Arbitration vs. Litigation 
The question as to whether or not arbitration is preferable to litigation depends on the intended purpose for using arbitration, and the particular terms of the arbitration agreement. A common theme in studies concerning the use of alternative dispute resolution is that everything hinges upon the details of the agreements used. 13

There are many variations of arbitration, and it may or may not offer an advantage over litigation for every person, in every instance.

It is overly simplistic to subscribe to the “conventional wisdom” that arbitration is a safer bet for health care providers, compared to litigation. Many therapists may be surprised to learn that that the majority of malpractice lawsuits do not result in a judgment against the health care provider.14

Advocates for the use of arbitration in medical malpractice cases often claim that arbitration is likely to be more efficient and less contentious than litigation, and that it avoids the risks that are associated with a jury trial. Typically, the use of arbitration to resolve malpractice disputes is championed by the insurance industry, and criticized by consumer protection groups and plaintiff’s attorneys.15 That is probably because litigation has the potential to be much more costly than arbitration, and a plaintiff who prevails in his or her lawsuit is more likely to receive a large damages award from a jury, than from an arbitrator. 16There is evidence, however, that health care providers may actually have a greater likelihood of success in a traditional jury trial, compared to arbitration. The RAND Corporation, a non-profit think-tank which conducts research on social policy issues, found that physicians are likely to prevail approximately 70 percent of the time in malpractice litigation cases, compared to 60 percent of the time in arbitration. 17 18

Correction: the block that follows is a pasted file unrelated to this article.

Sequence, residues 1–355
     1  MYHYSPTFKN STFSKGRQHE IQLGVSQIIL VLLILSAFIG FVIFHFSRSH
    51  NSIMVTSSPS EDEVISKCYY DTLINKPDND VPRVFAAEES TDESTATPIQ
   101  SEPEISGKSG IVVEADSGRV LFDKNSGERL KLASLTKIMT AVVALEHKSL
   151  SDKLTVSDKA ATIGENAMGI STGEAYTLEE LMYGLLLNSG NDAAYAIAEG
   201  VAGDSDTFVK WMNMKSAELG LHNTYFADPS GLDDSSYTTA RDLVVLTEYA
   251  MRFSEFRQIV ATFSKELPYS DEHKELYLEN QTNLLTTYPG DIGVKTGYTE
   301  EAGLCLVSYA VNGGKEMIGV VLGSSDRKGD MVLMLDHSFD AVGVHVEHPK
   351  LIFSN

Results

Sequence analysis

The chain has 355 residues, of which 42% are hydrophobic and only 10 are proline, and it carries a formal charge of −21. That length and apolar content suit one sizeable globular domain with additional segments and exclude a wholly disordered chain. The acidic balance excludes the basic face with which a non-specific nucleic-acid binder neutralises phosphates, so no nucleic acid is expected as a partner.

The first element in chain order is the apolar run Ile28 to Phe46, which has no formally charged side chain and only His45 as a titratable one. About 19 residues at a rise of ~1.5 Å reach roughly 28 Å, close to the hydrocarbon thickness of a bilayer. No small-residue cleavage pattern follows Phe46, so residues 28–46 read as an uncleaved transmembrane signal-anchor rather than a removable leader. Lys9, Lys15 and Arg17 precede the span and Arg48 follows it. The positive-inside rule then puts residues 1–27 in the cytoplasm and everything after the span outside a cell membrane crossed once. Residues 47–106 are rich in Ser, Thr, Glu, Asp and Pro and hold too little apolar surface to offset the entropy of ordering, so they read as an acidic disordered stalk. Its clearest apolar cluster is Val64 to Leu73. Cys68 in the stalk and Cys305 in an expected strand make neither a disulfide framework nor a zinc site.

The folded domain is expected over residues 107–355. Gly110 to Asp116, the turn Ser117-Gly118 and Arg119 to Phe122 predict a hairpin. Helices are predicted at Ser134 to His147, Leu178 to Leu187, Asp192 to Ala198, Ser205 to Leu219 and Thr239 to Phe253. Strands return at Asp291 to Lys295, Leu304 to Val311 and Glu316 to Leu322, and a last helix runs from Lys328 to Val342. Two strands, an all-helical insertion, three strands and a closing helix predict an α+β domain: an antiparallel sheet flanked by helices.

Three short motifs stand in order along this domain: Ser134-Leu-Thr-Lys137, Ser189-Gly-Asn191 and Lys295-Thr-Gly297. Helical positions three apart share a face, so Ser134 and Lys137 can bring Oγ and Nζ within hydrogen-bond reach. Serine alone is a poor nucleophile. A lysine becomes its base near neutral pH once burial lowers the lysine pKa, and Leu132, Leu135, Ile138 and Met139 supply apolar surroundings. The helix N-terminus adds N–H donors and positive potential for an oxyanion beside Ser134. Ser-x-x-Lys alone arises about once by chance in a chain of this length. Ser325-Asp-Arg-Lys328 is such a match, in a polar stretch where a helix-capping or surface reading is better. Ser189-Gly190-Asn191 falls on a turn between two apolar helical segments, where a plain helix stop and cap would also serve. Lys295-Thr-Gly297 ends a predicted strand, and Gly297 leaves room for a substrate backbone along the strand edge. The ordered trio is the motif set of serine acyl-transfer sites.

The Arbitration Agreement: Key Issues to Consider 
When constructing an arbitration agreement, there are a number of key issues to be considered, including, but not limited to the following: 19

  1. Scope of the agreement: Indicate whether the agreement is intended to address financial/payment disputes, in addition to negligence claims.
  2. Location: State where the arbitration will take place.
  3. Selection of Arbitrators: Describe how the arbitrators will be selected. In malpractice cases, there may be a single arbitrator, or, a panel of three arbitrators, depending on the terms of the agreement. Arbitrators may be selected on the basis of special expertise, such as special knowledge of a particular area of healthcare. The agreement might also specify that the arbitrators will be selected from a particular organization, such as the American Arbitration Association, (AAA), or JAMS (a national organization of retired judges).